• ‘In a time of war there tends to be more of a sense of national pride because British troops are in the firing line.’
  • 2A position where one is subject to criticism or blame because of one's responsibilities or position.

    ‘the referee in the firing line is an experienced official’
    • ‘Next in the firing line would be those who change their positions to make life easier on themselves.’
    • ‘North Yorkshire's biggest newspaper today makes it clear that the area is not prepared to be placed in the firing line for what is an unproven, strategically dubious and highly contentious project.’
    • ‘But in focusing on Africa, the government has put itself squarely in the firing line, raising public expectations that credible action will finally be taken to address Africa's continuing problems.’
    • ‘But sources say the report was one-sided, and responses from those in the firing line were almost totally ignored.’
    • ‘Last week he had found himself in the firing line and accused of being anti-taxi drivers.’
    • ‘However, he claimed that this put journalists in the firing line, with governments keen to muzzle the press during times of crisis.’
    • ‘Scarborough Council has been in the firing line over the issue since Government inspectors criticised its record on recouping overpayments and investigating fraud.’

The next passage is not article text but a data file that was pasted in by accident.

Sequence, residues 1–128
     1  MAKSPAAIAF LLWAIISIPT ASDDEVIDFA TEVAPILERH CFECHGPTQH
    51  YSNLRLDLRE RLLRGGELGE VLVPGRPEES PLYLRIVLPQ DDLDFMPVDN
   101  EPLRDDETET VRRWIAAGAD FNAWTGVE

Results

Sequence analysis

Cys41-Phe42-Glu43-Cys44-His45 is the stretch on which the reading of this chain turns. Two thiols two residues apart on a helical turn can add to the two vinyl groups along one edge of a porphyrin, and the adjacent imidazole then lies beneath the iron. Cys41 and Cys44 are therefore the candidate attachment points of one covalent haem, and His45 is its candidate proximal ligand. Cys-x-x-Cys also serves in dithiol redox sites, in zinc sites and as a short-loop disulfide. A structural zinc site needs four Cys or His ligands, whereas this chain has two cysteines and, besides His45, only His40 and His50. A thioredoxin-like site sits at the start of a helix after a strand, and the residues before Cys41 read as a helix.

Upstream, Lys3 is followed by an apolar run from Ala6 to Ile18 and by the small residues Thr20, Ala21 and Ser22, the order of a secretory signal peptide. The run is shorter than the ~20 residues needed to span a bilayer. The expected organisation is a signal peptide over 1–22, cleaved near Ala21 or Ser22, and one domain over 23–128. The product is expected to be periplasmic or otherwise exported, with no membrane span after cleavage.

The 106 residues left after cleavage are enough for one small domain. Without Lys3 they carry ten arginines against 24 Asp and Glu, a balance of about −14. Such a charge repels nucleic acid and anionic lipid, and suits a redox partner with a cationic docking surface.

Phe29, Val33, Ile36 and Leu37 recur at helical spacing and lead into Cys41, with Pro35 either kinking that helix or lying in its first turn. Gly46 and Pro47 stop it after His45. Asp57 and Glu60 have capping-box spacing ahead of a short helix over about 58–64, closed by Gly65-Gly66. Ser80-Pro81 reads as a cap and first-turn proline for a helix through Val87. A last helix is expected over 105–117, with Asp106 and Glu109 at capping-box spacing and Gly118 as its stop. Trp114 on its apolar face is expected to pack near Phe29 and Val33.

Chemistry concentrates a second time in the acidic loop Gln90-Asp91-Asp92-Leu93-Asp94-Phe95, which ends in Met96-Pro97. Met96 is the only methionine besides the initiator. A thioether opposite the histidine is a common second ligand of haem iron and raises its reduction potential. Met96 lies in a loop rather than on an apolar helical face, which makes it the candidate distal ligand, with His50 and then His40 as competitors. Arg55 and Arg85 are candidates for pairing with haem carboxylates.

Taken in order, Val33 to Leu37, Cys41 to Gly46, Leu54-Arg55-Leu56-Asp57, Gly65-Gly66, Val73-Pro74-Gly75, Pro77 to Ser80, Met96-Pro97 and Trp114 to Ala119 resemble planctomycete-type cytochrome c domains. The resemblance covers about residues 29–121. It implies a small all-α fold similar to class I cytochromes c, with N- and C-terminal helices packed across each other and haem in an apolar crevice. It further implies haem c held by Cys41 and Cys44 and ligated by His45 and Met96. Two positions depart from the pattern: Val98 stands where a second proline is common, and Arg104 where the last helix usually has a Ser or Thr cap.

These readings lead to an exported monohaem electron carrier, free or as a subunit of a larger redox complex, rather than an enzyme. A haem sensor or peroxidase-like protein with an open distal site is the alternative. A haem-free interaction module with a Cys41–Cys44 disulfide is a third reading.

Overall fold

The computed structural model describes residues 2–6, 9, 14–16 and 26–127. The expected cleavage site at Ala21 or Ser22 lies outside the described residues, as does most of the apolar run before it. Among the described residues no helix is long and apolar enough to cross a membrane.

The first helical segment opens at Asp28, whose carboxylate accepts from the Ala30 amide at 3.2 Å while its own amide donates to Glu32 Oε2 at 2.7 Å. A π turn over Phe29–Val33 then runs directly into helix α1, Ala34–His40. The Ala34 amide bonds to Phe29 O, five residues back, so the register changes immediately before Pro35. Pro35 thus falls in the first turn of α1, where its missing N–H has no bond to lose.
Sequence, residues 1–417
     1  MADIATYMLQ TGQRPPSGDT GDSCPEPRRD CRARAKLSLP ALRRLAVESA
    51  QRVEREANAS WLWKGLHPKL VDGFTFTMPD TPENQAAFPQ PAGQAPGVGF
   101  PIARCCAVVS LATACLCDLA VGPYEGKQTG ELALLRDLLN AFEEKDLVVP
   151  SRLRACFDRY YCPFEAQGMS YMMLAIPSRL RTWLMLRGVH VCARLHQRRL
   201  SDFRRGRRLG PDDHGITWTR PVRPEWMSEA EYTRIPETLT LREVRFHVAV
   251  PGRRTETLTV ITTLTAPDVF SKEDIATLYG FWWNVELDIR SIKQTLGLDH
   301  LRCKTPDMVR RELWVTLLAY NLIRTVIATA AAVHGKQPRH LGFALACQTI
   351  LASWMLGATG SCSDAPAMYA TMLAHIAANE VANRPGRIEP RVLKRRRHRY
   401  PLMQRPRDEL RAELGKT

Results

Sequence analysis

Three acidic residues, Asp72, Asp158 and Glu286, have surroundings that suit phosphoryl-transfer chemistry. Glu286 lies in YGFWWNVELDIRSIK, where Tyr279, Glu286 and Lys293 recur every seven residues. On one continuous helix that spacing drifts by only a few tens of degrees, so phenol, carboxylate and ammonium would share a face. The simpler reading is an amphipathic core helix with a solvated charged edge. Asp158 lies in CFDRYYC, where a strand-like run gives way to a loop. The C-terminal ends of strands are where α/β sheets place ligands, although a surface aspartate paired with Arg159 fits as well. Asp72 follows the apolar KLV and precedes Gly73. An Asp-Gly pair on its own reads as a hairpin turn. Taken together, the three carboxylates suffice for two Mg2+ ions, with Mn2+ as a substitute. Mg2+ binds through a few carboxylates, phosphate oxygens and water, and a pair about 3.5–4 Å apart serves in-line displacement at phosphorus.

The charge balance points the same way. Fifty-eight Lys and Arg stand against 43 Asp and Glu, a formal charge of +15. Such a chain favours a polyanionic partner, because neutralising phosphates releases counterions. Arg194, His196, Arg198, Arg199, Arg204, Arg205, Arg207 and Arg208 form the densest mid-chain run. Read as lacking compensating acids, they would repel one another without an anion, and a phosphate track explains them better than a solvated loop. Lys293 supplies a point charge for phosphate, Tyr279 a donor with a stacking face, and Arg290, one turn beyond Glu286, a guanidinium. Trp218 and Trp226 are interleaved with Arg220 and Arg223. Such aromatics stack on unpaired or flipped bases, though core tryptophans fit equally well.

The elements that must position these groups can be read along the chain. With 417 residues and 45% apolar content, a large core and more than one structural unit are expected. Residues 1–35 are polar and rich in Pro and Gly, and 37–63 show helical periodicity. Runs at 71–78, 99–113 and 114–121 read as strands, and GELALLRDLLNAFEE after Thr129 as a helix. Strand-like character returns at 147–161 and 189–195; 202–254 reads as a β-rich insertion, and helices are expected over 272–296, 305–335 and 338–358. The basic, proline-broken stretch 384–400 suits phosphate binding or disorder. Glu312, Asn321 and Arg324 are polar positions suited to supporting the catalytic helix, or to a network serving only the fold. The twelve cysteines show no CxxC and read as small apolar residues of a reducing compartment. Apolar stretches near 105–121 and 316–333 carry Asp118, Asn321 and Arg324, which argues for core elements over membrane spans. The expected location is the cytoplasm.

• ‘Today, when the abuse begins, he will be in the firing line.’
    • ‘She said: ‘I don't know how to run a market and I would be very careful before supporting something that may put us in the firing line more than we should be.’’
    • ‘Nothing ever happens, but one day it will and I'll either be in the firing line or get the blame.’
    • ‘Amid the heat raised around stock transfer, tenants on the interim management committee have found themselves in the firing line.’
    • ‘Those in the firing line initially are heavy smokers and those who don't take enough exercise, though how these conditions are defined and whether they might be extended is not clear.’
    • ‘But one of the activists in the firing line says they're a draconian attack on shareholder democracy.’
    • ‘In the firing line is the museum's director, a former Financial Times journalist appointed in 2001.’
    • ‘The paper has previously been in the firing line of the government.’
    • ‘Senior police officers will be in the firing line at a special meeting designed to let communities have their say on the way their neighbourhoods are policed.’
    • ‘Being in the firing line, of course, makes the fast-food chains do their best to fit in with the local culture, adapting the menu and the marketing to reflect local tastes and concerns.’
    • ‘The construction millionaire, however, will be spared partly because no other board member is currently ready to replace him in the firing line.’
    • ‘It is a great shame that once again, council staff are in the firing line over sickness levels.’
    • ‘She then realised, to her horror, that she might be first in the firing line for responses the next morning in a prearranged interview with Radio Scotland.’
    position, formation, disposition, front, front line, firing line
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Pronunciation:

firing line

/ˈfī(ə)riNG ˈˌlīn/